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Let $A$ be a collection of subsets of $\{1,2,\dots,n\}$ that is closed under taking subsets (that is, if $U\in A$ and $V\subseteq U$ then $V\in A$). Is there always an involution $f:A\to A$ such that $f(V)\cap V=\emptyset$ for all $V\in A$? I'm guessing yes.

Note that if $A=\mathcal P(\{1,2,\dots,n\})$, then taking the complement works. Also note that if $|A|$ is odd, we can send the empty set to itself (the empty set is disjoint from itself, isn't that weird?).

I tried working through a few small examples. I haven't found a counterexample, but I also haven't found a proof.

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3 Answers 3

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Here's a proof which gives an algorithm for constructing an involution. If the order ideal $\mathcal{A}=\emptyset$ we're done; otherwise we can select a maximal element $X$ of $\mathcal{A}$ (with respect to inclusion.) If we're really lucky, there is another maximal element $Y$ of $\mathcal{A}$ disjoint from $X$. If so, we can set $X\leftrightarrow Y$; since $\mathcal{A}'=\mathcal{A}\setminus\{X,Y\}$ is an order ideal, we can find a suitable involution on $\mathcal{A}'$ by induction on $|\mathcal{A}|$, so we're done.

In general, we won't be so lucky, but the intuition is the same. Given a maximal element $X$ of $\mathcal{A}$, select a maximal element $Y$ in $\{ Y\in \mathcal{A}\mid Y\cap X=\emptyset \}.$ We can pair $X$ with $Y$, but in general $Y$ is not maximal in $\mathcal{A}$ so we have to do a little more work before we can appeal to induction. By the choice of $Y$, every set in $\mathcal{A}$ containing $Y$ has the form $Y\cup B$ for some $B\subset X$. Let $$\mathcal{B} =\{B\subset X\mid Y\cup B\in\mathcal{A}\};$$ note that $\mathcal{B}$ is closed under taking subsets since $\mathcal{A}$ is.

For each $B\in\mathcal{B}$, we pair $Y\cup B$ with $X\setminus B$ (which we know is in $\mathcal{A}$ since $\mathcal{A}$ is an order ideal.) In short, this matches the elements of $Y\cup\mathcal{B}$ with the elements of $X\setminus\mathcal{B}$. Let $\mathcal{A}'$ be the result of removing all these paired elements from $\mathcal{A}$. Once we check $\mathcal{A}'$ is an order ideal, we're done by induction.

All we need to check is that the set of elements we removed is an order coideal of $\mathcal{A}$. (i.e. if we removed $Z$, and $W\supset Z$ is in $\mathcal{A}$, then we also removed $W$). But $Y\cup \mathcal{B}$ is an order coideal by construction; $X\setminus\mathcal{B}$ is one since $\mathcal{B}$ is an order ideal; and the union of order coideals is an order coideal. So $\mathcal{A}'$ is an order ideal, and we're done by induction. $\square$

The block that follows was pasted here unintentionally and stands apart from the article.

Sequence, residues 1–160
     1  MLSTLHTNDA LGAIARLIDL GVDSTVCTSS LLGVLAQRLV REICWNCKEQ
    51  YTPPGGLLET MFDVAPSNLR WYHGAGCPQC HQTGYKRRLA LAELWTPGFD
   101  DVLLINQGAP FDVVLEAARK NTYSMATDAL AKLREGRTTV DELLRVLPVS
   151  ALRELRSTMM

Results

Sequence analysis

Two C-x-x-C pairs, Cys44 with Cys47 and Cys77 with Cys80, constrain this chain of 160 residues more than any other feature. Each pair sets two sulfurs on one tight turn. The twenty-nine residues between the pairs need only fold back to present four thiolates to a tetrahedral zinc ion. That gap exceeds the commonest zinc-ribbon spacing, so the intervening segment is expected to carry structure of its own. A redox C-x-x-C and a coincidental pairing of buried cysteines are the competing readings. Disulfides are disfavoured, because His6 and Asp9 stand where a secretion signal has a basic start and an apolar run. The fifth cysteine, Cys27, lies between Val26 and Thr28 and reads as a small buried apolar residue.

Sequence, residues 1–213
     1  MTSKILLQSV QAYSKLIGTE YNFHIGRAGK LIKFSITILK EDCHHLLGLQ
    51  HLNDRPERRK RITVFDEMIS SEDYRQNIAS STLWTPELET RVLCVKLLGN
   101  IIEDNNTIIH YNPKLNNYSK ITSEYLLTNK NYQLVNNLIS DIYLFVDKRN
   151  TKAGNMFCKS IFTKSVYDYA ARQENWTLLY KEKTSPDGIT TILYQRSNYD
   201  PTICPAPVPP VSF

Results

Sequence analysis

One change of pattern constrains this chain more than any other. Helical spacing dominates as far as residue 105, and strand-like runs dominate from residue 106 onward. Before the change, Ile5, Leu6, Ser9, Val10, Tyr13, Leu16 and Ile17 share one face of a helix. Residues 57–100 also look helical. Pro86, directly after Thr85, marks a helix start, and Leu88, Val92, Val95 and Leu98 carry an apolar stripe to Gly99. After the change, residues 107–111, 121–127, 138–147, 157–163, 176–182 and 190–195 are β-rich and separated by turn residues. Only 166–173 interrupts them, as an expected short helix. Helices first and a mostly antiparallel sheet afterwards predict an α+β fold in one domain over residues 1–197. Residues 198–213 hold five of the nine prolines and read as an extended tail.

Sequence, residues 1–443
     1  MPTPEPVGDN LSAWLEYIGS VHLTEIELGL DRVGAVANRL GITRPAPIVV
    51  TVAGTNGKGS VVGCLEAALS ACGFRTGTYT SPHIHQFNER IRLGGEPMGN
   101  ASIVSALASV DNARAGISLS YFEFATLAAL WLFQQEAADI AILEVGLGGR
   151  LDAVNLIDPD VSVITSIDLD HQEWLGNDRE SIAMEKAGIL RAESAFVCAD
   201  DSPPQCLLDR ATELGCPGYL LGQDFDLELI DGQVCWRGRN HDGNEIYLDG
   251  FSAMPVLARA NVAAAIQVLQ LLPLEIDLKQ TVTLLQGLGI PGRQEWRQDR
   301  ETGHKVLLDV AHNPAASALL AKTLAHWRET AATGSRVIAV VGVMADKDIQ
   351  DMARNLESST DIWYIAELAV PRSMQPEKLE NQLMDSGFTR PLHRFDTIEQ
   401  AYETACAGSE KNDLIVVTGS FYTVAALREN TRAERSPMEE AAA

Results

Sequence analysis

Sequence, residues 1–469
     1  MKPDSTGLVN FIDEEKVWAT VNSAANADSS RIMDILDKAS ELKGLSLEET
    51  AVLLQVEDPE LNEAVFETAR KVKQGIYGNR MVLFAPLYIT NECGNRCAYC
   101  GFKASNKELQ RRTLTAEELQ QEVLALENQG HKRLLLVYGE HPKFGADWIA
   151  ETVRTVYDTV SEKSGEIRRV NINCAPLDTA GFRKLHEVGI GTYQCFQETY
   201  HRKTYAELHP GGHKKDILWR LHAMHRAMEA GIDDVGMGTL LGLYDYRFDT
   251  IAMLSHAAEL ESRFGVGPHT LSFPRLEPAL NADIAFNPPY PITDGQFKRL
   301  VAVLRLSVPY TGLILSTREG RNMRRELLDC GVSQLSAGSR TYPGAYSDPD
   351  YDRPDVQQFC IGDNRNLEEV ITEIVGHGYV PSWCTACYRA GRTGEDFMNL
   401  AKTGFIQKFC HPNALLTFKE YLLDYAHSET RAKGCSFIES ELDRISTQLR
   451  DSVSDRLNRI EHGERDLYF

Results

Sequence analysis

Remark: if $\mathcal{A}$ is the power set of $X$, then $X$ is the unique maximal element of $\mathcal{A}$; the algorithm picks $Y=\emptyset$, and pairs each $B$ with the complement $X\setminus B$, so this generalizes the special case pointed out in the original post. It also generalizes the special case at the beginning of the post: if $Y$ is maximal in $\mathcal{A}$ then $\mathcal{B}=\emptyset.$

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  • $\begingroup$ I'm definitely gonna need to read this more carefully later, but enjoy the green checkmark $\endgroup$ Commented Jul 31, 2017 at 3:37
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I don't know the answer, but I'd like to rephrase the question in the language of graph theory. Given a finite set $X$, the powerset $\mathcal{P}(X)$ becomes the vertex set of a graph by declaring that two subsets of $X$ have an edge between them iff they're disjoint. Furthermore, the graph $\mathcal{P}(X)$ has a perfect matching, given by complementation. Your question is whether it's true that for each downward-closed subset $\mathcal{A}$ of the poset $\mathcal{P}(X)$, the graph induced on $\mathcal{A}$ has a perfect matching.

In light of this, perhaps Tutte's theorem will help.

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For any $A$ start with the smallest powerset that includes $A$ (e.g. if $A=\{\emptyset,\{1\},\{2\}\}$ start with $\mathcal P(\{1,2\})$). Use the trivial involution you suggested for this power set. Then transform this involution to a new involution by eliminating elements one by one to reach $A$ (start with bigger elements). In doing so alternate between reassigning $\emptyset$ to itself and the element that is mapped to the eliminated element. This way you can construct an involution for any $A$. You need to prove that the required conditions are preserved under these transformations. Note that each transformation is applied on the previous transformed involution.

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  • $\begingroup$ An example would help $\endgroup$ Commented Jul 28, 2017 at 10:32
  • $\begingroup$ I'm not sure I understand the procedure $\endgroup$ Commented Jul 30, 2017 at 18:57

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